By Letitia Stein
TAMPA, Fla. (Reuters) - The U.S. investigation into the deadly sinking of a cargo ship during a 2015 hurricane enters its final hearing on Monday, with two weeks of testimony set to probe ship operations, weather reports and the El Faro's last alarms of distress.
The Coast Guard's Marine Board of Investigation, convened only for the most serious accidents, is looking for evidence of negligence or misconduct in the worst disaster involving a U.S.-flagged vessel in more than three decades.
All 33 crew onboard died when the 790-foot (241-meter) El Faro sank during a hurricane on Oct. 1, 2015, two days after leaving Jacksonville, Florida on a cargo run to Puerto Rico.
Authorities meeting in Jacksonville now have key information about the ship's final hours from its voyage data recorder that had not been recovered when the panel held two rounds of hearings last year.
Transcripts from the device's recordings showed Captain Michael Davidson's uncertainty about the location of the storm. The veteran mariner from Maine told his chief mate that he was receiving conflicting reports just hours before the alarm sounded to abandon ship.
Concerns about delays in the weather reports reaching the El Faro came up at the panel's previous hearings.
Ultimately, the Coast Guard panel expects to issue a report that could make recommendations to prevent another disaster, though the agency has no timeline for its release. The National Transportation Safety Board is also investigating and participating in the Coast Guard hearings.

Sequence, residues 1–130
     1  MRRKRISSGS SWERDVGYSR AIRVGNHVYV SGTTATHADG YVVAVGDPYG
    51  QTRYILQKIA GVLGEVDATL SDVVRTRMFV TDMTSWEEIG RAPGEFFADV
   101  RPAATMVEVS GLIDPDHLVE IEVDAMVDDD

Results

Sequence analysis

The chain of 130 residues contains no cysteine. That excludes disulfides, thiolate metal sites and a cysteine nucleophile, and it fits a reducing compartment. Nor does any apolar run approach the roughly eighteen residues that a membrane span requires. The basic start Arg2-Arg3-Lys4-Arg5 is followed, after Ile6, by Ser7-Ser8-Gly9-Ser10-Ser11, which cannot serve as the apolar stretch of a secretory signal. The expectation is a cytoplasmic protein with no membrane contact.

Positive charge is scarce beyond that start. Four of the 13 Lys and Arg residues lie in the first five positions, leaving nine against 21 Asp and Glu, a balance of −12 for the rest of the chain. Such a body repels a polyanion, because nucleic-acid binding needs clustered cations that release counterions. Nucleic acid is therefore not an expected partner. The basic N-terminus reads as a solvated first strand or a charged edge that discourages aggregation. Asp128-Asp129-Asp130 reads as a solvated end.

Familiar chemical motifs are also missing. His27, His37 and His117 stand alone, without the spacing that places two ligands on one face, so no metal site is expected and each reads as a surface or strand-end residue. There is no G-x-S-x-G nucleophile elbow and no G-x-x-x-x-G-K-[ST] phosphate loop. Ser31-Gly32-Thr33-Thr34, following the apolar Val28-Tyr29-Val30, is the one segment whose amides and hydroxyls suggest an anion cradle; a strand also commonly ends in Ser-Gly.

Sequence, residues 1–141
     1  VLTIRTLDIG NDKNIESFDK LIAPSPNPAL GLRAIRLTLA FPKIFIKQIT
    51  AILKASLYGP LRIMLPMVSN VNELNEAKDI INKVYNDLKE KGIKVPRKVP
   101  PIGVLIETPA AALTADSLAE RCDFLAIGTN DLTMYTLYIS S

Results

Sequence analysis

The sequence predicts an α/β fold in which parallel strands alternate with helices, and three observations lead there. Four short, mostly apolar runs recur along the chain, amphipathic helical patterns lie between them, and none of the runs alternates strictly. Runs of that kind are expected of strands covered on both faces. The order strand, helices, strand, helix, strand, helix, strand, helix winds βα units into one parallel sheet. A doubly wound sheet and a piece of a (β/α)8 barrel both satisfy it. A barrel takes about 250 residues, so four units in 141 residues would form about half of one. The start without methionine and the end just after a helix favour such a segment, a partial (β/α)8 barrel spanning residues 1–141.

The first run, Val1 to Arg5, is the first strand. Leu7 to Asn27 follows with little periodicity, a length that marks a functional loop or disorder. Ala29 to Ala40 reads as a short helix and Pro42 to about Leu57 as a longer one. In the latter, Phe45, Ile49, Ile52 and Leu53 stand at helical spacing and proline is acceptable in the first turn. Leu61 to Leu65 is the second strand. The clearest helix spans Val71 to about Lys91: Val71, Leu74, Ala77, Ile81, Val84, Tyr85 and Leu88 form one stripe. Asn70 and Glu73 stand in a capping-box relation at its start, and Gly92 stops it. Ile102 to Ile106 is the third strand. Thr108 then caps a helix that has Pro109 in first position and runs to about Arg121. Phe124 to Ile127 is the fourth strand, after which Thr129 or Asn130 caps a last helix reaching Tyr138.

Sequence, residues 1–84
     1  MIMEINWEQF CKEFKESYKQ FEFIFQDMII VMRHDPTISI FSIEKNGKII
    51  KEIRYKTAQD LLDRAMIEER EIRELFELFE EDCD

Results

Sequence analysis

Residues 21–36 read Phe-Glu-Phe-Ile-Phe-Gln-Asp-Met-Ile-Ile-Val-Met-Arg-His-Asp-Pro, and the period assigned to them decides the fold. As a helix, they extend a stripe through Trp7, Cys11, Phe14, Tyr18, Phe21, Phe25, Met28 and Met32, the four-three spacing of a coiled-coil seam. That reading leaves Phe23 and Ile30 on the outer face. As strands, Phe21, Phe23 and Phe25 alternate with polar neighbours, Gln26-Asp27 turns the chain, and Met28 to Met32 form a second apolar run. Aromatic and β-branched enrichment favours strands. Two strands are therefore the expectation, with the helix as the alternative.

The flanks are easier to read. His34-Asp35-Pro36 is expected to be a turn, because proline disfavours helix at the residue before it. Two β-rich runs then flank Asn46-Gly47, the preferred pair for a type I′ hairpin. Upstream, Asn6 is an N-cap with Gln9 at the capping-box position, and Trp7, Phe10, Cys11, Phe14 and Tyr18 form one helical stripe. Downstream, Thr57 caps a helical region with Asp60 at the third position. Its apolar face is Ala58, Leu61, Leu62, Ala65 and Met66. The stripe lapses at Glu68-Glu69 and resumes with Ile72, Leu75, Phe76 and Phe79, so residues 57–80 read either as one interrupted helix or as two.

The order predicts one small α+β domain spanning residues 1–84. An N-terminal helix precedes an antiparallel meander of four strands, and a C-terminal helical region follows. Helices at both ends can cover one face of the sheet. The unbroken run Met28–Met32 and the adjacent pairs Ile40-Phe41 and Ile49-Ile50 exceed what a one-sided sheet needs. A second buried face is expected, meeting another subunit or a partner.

"There’s still a lot of uncertainty about the cause of the sinking," said maritime lawyer Rod Sullivan, who represents the family of a deceased crew member and has been closely following the investigation.
He questioned the extent of efforts to get the crew into life-saving equipment as the ship was sinking. Discussion of lifeboats aboard the vessel is scheduled for next week.
During earlier hearings, executives of Tote Services, which managed the El Faro, called the disaster a tragic accident.
The company has reached financial settlements with 28 families, Tote said in a statement, declining further details.
"Since the loss of the El Faro, we have focused every effort on supporting the families of those on board. An important part of this support has entailed reaching fair and swift legal settlements for those who may choose them," Tote said in a statement last week.
(Reporting by Letitia Stein; Editing by Colleen Jenkins and James Dalgleish)